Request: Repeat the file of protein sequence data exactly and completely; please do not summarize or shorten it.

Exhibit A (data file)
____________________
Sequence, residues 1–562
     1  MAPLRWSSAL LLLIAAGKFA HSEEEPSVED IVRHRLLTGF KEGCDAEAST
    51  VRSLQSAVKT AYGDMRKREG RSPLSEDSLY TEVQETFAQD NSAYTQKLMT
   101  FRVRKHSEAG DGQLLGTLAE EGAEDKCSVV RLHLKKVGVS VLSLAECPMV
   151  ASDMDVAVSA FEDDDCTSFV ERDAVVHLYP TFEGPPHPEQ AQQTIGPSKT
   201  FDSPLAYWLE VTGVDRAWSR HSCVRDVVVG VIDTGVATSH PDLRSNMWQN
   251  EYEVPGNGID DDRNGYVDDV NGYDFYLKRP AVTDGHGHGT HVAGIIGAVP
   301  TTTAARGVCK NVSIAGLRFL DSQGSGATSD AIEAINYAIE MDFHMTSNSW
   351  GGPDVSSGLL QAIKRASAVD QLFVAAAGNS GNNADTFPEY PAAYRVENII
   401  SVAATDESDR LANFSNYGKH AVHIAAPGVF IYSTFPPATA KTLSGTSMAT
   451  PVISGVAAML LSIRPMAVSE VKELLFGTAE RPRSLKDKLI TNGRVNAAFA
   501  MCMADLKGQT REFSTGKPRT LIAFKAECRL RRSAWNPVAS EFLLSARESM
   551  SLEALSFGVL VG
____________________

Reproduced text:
Sequence, residues 1–562
     1  MAPLRWSSAL LLLIAAGKFA HSEEEPSVED IVRHRLLTGF KEGCDAEAST
    51  VRSLQSAVKT AYGDMRKREG RSPLSEDSLY TEVQETFAQD NSAYTQKLMT
   101  FRVRKHSEAG DGQLLGTLAE EGAEDKCSVV RLHLKKVGVS VLSLAECPMV
   151  ASDMDVAVSA FEDDDCTSFV ERDAVVHLYP TFEGPPHPEQ AQQTIGPSKT
   201  FDSPLAYWLE VTGVDRAWSR HSCVRDVVVG VIDTGVATSH PDLRSNMWQN
   251  EYEVPGNGID DDRNGYVDDV NGYDFYLKRP AVTDGHGHGT HVAGIIGAVP
   301  TTTAARGVCK NVSIAGLRFL DSQGSGATSD AIEAINYAIE MDFHMTSNSW
   351  GGPDVSSGLL QAIKRASAVD QLFVAAAGNS GNNADTFPEY PAAYRVENII
   401  SVAATDESDR LANFSNYGKH AVHIAAPGVF IYSTFPPATA KTLSGTSMAT
   451  PVISGVAAML LSIRPMAVSE VKELLFGTAE RPRSLKDKLI TNGRVNAAFA
   501  MCMADLKGQT REFSTGKPRT LIAFKAECRL RRSAWNPVAS EFLLSARESM
   551  SLEALSFGVL VG